Last December, I started training for my first triathlon, which for me primarily involved running. I’d never done any sort of regular running, but I soon found that I really loved doing it (far more than, say, swimming). In March, I successfully entered and completed the Pasadena Sprint Triathlon — what a high point! I’d worked up to 3-mile runs without any trouble. After the triathlon, I continued running, and kept increasing the distance until I made it to 5 miles. That run actually wasn’t so much fun, so I backed off from there to ~3.5-mile runs again.
By June, however, I started experiencing knee pain. Not while running, but at other times, like just walking around, and especially when going downstairs. The final straw was when I was hiking in Scotland and had to cut a hike short (one I’d done two years before with no trouble!) because it was just too painful. I took a couple of weeks off of running but still was feeling achiness in my knees. That’s right, knees plural — not just the one I’d injured skiing last year.
Today I visited my doctor and learned that I’ve developed runner’s knee, also known as “patellofemoral pain,” which often manifests as aching below the kneecap, most strongly when going downhill or downstairs. This can be caused by a variety of things including imbalance in musculature or mechanical problems with how your patella (kneecap) slides over the knee, but it’s very common in runners who increase their distance or speed too aggressively, and also twice as common in women as in men. Argh! I was being cautious, but I hadn’t really abided to the suggested “only increase by 10% each week” rule because I was feeling fine. In fact, my knees don’t hurt much or at all while I’m running. It’s afterwards (for days?) that I notice it. So this all points to the running aggravating the joint, and it means I need to back off, take it easy, and be more gradual in my efforts. As my doctor said, “Run for enjoyment, not for achievement,” and then chuckled self-deprecatingly before he segued into a story of his own over-ambition and series of injuries in his determination to run a half-marathon even if it killed him (or his knees). There are also some strengthening exercises for the quad muscles that can help, and I can go to a running shoe store to get an assessment and their recommendation for shoe styles (many friends have advised this). His other advice was to avoid running downhill (here I’d thought downhill bits were my chance to improve my average speed!) and online I’ve read that I should be running on a track or something softer than sidewalks/roads.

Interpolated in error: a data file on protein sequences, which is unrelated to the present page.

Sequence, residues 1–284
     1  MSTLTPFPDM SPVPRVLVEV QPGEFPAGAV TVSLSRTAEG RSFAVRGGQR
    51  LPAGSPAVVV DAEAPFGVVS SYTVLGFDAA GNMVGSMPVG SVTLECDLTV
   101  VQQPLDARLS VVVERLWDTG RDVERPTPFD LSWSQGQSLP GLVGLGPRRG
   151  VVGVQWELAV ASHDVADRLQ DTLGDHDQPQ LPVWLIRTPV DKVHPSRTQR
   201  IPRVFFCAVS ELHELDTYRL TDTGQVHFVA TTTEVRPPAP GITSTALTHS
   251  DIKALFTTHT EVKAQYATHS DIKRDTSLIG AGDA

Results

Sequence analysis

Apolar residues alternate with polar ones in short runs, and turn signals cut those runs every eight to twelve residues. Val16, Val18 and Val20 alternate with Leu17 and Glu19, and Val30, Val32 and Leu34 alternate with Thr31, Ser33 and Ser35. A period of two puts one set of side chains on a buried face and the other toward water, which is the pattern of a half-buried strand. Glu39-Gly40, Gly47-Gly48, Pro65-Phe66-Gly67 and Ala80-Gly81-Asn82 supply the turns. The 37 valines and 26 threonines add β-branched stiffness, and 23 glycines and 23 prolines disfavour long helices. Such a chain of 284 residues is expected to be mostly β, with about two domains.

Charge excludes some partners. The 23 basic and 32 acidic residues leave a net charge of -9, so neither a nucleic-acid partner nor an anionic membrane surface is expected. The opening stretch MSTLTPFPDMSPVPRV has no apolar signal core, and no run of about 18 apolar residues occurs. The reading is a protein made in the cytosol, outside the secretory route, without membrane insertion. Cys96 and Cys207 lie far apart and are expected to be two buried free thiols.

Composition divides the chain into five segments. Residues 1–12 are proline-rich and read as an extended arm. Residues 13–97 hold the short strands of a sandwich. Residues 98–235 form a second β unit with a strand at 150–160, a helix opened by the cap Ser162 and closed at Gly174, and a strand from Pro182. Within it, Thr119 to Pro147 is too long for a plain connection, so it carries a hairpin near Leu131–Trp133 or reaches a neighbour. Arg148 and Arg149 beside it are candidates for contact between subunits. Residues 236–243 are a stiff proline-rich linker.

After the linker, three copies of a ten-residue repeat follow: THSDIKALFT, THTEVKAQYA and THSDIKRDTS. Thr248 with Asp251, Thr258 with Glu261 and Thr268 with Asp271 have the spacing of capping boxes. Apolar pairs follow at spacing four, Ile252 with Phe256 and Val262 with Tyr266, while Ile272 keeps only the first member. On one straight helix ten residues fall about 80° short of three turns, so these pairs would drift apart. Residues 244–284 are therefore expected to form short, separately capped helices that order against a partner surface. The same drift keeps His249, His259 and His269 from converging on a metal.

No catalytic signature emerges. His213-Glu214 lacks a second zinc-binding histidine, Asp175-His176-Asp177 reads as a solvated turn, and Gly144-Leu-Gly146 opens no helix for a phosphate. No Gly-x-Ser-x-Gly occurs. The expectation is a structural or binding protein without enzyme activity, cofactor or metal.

I hope to improve soon! I am really, really missing my running. The good news is that the doctor said there’s no reason someone my age shouldn’t be able to run 3 miles 3-4 times a week, so I should be able to build up to that pain-free. It was good to hear this confirmation of my own expectations, rather than a dim outlook and some dire words about the effects of aging. Bah!